Egyptian President Abdel Fattah al-Sisi and Sudanese Prime Minister Abdalla Hamdok sent two separate letters to Ethiopian Prime Minister Abiy Ahmed last week rejecting his proposal for a transitional agreement on an initial filling of the Grand Ethiopian Renaissance Dam in mid-July, according to three separate sources.
The three sources — a well-informed Cairo-based European diplomat, an Egyptian government official and a Khartoum-based political source — told Mada Masr that the Ethiopian government sent letters to Cairo and Khartoum 10 days ago proposing a temporary agreement to allow for Addis Ababa to begin the initial filling of the dam reservoir and for negotiations on a final agreement to restart in the fall.
Hamdok and Abdel Fattah al-Burhan, the chairperson of Sudan’s Transitional Sovereign Council, debated the proposal before both agreeing that it does not serve Sudan’s interests, the Khartoum-based Sudanese political source said. It is noteworthy that Sudan’s letter to Ethiopia rejecting the offer was signed by Hamdok, as sources previously told Mada Masr that the Sudanese prime minister was overall more in line with Ethiopia’s position in the dam dispute while Burhan was more inclined to accommodate Egypt.
Khartoum then informed Cairo of its rejection of the proposal, according to the Egyptian government official.
Both Egypt and Sudan have agreed that whatever deal the three riparian countries reach would have to be a final and comprehensive agreement, according to the Cairo-based European source.
Tensions have simmered between Cairo and Addis Ababa since 2011, when Ethiopia announced plans to build the mega-dam, pitting Ethiopia’s push to generate electricity for domestic consumption and export against Egypt’s fears over water scarcity. Earlier this month, Abiy reiterated his pledge to begin filling the reservoir during the wet season between late June or July and September.
Despite years of negotiations, the two sides have been unable to overcome key differences to finalize an agreement on the filling and operation of the dam. Serious points of contention remain unresolved, including the annual water release, mitigation measures in various cycles of drought, water levels of both the GERD and Egypt’s Aswan High Dam, and a dispute resolution mechanism.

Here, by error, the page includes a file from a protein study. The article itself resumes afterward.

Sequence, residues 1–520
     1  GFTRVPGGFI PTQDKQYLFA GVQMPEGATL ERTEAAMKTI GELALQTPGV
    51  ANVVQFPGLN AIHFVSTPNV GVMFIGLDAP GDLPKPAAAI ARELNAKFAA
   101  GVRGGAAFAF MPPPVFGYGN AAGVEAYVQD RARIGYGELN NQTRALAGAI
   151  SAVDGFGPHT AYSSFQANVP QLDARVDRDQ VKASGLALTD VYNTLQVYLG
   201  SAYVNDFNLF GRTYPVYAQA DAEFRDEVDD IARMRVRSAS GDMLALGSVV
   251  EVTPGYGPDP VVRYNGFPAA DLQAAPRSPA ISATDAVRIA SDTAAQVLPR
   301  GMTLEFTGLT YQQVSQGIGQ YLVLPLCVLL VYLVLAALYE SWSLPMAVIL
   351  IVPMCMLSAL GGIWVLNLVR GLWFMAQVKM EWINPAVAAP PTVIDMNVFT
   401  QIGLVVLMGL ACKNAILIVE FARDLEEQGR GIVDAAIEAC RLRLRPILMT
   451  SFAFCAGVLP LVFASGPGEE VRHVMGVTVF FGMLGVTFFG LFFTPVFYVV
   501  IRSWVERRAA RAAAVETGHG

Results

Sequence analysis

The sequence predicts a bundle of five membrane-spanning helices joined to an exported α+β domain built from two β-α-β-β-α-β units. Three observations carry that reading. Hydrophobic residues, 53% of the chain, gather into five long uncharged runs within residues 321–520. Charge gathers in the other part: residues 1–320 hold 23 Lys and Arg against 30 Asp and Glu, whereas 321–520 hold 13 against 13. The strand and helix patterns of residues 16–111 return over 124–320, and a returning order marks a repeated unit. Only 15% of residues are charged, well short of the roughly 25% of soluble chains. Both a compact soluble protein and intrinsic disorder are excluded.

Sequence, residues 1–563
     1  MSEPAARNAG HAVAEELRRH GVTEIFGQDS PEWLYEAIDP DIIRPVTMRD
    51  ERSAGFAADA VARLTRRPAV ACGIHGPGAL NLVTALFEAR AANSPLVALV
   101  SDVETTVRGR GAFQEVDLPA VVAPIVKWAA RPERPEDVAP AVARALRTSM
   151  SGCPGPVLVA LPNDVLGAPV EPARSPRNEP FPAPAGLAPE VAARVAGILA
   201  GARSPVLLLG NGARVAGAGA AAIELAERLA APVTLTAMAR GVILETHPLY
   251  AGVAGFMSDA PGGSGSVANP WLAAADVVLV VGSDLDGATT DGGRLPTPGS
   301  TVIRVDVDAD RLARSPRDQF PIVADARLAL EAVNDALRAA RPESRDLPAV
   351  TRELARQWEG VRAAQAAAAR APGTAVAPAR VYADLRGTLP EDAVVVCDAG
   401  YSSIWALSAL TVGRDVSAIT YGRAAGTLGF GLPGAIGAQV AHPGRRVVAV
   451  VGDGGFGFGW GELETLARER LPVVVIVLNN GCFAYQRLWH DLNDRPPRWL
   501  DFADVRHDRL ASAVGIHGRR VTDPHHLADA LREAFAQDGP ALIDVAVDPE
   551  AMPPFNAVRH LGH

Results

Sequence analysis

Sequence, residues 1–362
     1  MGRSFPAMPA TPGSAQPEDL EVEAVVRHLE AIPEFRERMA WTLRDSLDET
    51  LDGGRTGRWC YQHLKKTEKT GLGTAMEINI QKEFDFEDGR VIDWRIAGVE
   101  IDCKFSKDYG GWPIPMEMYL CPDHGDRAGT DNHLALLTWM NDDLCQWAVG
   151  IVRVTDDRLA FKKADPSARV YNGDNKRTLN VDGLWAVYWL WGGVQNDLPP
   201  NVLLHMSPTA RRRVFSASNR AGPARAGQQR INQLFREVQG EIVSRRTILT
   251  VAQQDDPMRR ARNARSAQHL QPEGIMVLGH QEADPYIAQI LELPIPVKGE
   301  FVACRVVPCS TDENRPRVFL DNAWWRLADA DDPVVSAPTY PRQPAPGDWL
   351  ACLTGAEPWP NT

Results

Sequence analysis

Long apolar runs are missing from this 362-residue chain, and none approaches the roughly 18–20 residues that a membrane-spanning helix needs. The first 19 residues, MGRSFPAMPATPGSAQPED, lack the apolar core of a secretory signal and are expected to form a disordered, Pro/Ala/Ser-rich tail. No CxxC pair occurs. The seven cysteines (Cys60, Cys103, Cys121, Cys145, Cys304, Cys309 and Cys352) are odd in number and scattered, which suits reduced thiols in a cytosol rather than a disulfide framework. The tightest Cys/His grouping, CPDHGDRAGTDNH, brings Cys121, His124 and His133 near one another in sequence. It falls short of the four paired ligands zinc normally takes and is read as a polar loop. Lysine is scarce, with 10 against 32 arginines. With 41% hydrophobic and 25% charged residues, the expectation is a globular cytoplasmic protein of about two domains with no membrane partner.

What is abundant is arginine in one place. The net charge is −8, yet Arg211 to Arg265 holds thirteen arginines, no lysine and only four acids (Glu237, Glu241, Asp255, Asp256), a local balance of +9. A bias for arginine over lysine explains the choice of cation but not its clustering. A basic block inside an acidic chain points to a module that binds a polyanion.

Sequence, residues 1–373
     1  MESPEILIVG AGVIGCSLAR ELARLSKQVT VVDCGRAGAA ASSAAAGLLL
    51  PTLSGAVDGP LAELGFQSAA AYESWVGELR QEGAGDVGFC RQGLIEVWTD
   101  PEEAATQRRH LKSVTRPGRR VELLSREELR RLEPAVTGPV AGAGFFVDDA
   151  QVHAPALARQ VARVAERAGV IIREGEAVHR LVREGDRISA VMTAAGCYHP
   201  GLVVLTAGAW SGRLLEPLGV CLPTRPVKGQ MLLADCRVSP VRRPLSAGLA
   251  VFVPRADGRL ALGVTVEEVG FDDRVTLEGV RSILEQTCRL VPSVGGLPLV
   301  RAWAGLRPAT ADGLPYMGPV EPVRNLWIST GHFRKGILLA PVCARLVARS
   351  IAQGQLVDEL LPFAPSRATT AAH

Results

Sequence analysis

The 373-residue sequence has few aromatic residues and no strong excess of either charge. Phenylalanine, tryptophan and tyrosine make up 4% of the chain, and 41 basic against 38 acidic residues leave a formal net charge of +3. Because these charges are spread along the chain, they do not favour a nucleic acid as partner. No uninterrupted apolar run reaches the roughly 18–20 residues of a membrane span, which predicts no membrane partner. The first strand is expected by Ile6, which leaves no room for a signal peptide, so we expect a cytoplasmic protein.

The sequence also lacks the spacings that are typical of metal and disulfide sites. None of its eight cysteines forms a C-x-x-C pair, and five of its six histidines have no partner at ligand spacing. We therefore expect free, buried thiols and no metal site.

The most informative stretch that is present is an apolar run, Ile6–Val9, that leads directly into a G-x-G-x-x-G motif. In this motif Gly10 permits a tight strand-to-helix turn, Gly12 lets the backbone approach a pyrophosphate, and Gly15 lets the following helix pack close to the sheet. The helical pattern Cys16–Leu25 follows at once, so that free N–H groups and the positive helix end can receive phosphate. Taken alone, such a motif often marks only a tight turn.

The United States became involved in the dispute in November after Egypt called for international mediation. Delegations from Ethiopia, Egypt and Sudan met three times in Washington DC earlier this year. Ethiopia pulled out of the final meeting in late February where a deal was to be signed. After holding bilateral talks with Egypt and Sudan, the US released a statement saying it believed an agreement had been reached. Yet Sudan declined to give any formal consent to the text, leaving Egypt as the only country to sign the deal.
Egypt is still determined that any final deal would have to be based on “the entirety of the text of the agreement negotiated in Washington,” the Egyptian official said.
Earlier this month, Hamdok said that Khartoum was committed to the Washington text “as a term of reference” to a final agreement on the filling and operation of the dam. However, the Khartoum source said that Sudan is not prepared to accommodate Egypt’s request to sign onto the Washington text without Ethiopia’s agreement.
Ever since the US-sponsored talks broke down, both Egypt and Ethiopia appear to have been courting Sudan’s favor to win leverage in the dispute, with diplomatic efforts, border agreements and energy supply deals coming into play.